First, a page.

At any time of the day and on any road in the country, police can pull you over for whatever reason – a broken headlight, failing to give way correctly – and ask you to take a breath test. At this point, the police ask you if you have been drinking and when it was that you stopped.
If it turns out your last drink was 10 or 20 minutes before, they will often ask you to wait about 10 minutes before they conduct a test. They do this because the machine they use to test your breath cannot tell the difference between alcohol on your breath and alcohol in your blood stream.
When the police give you the test, and, if you record a positive reading, you will be arrested for the purpose of a breath analysis. Positive readings that will get you arrested are any that are over 0.05 for a fully licenced driver, between 0.02 and 0.05 for special range and anywhere up to 0.02 for a novice driver.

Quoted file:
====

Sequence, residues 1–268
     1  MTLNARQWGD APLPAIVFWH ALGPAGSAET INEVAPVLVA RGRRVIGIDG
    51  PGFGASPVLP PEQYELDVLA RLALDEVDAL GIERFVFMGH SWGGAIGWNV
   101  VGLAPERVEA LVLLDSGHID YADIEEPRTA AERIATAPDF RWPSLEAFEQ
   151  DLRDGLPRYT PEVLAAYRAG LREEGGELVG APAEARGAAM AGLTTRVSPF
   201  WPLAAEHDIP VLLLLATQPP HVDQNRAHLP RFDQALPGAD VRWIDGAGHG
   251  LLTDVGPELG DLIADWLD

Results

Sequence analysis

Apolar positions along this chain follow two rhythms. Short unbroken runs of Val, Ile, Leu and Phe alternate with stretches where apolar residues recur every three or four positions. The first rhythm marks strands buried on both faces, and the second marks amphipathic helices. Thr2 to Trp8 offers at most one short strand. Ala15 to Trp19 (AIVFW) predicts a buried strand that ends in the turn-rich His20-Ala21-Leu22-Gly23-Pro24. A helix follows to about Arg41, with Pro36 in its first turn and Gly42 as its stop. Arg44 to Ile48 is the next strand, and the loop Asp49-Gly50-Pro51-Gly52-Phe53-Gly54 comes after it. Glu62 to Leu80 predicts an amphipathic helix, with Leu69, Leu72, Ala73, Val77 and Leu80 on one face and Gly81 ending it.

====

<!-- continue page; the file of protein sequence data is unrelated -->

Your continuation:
For the purposes of securing a conviction, after they have arrested you, the police must conduct a breath analysis, within 2 hours, for it to be admissible in court. The breath analysis machine is able to differentiate between blood alcohol levels and breathe alcohol levels.
The results of this test are considered to be an accurate representation of the amount of alcohol in your bloodstream at the time of driving. If you find yourself in a situation where you have been charged by the police for a drink driving offence, you should look to find experienced legal advice as quickly as possible.
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